Trump wall faces skepticism on border

Trump wall faces skepticism on border
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President Trump's tough rhetoric on border security has met expected resistance from Democrats, but many border Republicans have also questioned the need for a border wall.

Sen. John CornynJohn CornynCOVID-19 bill limiting liability would strike the wrong balance From a Republican donor to Senate GOP: Remove marriage penalty or risk alienating voters Skepticism grows over Friday deadline for coronavirus deal MORE (R-Texas), the number-two Republican in the Senate, has said “there's parts of our border which it makes no sense,” and that when President Trump talks about a wall, “he's speaking metaphorically.”

Of nine House districts on the southwest border, three are controlled by Republicans, all of whom have voiced some level of opposition to a border wall.

Reps. Martha McSally (R-Ariz) and Will Hurd (R-Texas) last month sent Homeland Security Secretary John Kelly a letter questioning a $1 billion request for “planning, design and construction of the first installment of the border wall.”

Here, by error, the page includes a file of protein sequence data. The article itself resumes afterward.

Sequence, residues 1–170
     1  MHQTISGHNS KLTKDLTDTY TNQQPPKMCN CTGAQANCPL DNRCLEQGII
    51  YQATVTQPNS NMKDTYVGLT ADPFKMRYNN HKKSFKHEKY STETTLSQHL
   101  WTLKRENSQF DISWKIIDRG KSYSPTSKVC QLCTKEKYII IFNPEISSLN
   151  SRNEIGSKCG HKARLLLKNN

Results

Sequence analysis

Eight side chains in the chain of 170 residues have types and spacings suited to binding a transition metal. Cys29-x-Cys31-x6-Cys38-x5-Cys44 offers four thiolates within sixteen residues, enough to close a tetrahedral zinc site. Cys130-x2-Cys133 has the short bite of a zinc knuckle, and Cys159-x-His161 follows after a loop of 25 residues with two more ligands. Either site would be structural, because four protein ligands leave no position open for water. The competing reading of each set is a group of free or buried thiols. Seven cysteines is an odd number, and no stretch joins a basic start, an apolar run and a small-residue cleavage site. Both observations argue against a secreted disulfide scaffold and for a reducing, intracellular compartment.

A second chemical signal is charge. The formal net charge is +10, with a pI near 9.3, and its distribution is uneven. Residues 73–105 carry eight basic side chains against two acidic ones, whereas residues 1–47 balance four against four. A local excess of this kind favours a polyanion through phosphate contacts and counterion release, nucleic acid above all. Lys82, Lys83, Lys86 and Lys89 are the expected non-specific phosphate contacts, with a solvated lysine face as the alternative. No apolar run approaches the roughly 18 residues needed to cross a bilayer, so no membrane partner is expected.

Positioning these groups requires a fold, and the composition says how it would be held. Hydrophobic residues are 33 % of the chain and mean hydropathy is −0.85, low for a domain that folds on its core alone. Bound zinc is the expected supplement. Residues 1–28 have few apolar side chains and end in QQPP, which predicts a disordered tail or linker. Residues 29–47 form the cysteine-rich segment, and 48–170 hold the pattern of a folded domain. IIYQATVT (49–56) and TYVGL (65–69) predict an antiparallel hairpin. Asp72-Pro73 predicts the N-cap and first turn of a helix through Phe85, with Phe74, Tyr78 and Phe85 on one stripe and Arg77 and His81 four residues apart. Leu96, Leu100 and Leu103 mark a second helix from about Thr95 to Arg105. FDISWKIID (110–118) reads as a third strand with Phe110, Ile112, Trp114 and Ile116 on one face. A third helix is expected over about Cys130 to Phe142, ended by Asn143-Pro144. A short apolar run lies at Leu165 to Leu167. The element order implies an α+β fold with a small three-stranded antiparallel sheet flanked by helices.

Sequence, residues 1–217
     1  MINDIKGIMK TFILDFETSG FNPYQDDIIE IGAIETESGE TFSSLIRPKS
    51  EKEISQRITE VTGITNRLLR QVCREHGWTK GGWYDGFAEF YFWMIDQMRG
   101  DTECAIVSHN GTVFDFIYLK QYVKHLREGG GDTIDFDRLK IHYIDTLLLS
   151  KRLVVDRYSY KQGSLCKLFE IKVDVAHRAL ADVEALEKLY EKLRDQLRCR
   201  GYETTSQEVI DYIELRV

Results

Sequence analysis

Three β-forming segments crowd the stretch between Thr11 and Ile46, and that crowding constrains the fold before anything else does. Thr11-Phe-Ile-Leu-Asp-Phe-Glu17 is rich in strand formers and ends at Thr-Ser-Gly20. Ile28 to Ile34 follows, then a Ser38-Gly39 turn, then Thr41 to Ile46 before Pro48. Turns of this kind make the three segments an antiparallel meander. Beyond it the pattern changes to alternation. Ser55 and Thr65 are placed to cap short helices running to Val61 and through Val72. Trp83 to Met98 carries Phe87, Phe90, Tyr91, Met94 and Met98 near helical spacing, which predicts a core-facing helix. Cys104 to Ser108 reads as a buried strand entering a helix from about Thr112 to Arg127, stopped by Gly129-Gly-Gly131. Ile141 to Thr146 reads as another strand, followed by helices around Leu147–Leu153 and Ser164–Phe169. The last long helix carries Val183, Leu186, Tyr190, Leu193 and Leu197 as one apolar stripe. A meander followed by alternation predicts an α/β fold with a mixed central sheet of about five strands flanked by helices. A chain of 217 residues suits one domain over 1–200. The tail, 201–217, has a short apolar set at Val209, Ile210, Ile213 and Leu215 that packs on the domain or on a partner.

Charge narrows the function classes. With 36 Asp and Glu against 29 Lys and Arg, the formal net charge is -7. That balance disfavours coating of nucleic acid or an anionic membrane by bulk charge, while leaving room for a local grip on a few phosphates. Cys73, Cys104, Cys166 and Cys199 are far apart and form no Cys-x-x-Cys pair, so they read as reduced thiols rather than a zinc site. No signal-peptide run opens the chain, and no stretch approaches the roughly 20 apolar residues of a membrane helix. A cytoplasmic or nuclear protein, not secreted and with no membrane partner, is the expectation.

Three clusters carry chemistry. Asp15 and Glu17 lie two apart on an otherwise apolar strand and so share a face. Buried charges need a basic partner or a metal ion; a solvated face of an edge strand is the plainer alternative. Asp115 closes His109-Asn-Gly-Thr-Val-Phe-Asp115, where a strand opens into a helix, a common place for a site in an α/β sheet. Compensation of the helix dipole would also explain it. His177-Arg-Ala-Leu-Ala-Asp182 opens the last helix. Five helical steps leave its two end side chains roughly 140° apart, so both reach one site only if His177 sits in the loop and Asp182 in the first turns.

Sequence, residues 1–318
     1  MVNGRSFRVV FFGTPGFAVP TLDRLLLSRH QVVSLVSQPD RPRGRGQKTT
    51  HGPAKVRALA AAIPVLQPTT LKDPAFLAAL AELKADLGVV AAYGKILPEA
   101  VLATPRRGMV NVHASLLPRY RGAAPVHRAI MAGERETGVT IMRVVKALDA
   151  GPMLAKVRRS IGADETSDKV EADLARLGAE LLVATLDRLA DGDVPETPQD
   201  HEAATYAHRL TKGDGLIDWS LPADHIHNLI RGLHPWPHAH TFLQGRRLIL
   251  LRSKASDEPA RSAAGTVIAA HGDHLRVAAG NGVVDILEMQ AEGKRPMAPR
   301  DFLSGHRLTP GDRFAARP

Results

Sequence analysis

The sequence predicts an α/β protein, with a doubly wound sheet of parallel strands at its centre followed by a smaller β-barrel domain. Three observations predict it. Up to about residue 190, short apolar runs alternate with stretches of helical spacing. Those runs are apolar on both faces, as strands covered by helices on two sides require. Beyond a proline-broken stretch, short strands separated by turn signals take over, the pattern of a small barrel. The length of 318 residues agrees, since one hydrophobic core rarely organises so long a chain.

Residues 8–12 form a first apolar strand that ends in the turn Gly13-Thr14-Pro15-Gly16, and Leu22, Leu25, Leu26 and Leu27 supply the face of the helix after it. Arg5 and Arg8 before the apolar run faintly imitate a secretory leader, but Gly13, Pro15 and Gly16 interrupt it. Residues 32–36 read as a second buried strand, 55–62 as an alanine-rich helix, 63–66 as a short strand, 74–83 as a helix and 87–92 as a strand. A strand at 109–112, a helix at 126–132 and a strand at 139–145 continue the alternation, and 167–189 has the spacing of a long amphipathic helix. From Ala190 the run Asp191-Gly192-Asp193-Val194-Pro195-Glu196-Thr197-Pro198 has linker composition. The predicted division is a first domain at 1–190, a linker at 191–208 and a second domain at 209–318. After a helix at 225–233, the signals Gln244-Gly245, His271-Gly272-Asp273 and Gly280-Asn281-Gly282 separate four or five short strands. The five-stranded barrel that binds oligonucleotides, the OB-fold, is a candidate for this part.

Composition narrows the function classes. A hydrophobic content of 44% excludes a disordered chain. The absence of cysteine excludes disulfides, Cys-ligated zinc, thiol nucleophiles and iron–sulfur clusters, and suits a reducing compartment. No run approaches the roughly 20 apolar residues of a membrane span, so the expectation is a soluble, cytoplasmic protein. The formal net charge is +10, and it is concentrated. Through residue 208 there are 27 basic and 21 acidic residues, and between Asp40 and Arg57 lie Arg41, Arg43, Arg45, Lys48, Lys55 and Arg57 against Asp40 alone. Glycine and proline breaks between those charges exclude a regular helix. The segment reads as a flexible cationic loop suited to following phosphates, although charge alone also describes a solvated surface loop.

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“An expenditure this large, and submitted with limited details, deserves additional scrutiny to ensure funds are being used effectively in pursuit of our shared goal of securing the southwest border,” the letter read.

Hurd went further, saying a wall would be "the most expensive and least effective way to secure the border."

New Mexico Rep. Steve Pearce (R), an early Trump supporter, said in February a wall won't work, because "you can come over it, under it, around it, through it."

Republican border senators haven't expressed much support either. 

Arizona Sens. John McCainJohn Sidney McCainCNN's Ana Navarro to host Biden roundtable on making 'Trump a one-term president' Mark Kelly clinches Democratic Senate nod in Arizona Prominent conservatives question Jerry Falwell Jr. vacation photo MORE and Jeff FlakeJeffrey (Jeff) Lane FlakeCheney clashes with Trump Sessions-Tuberville Senate runoff heats up in Alabama GOP lawmakers stick to Trump amid new criticism MORE have given little credence to the idea on fiscal, legislative and diplomatic grounds.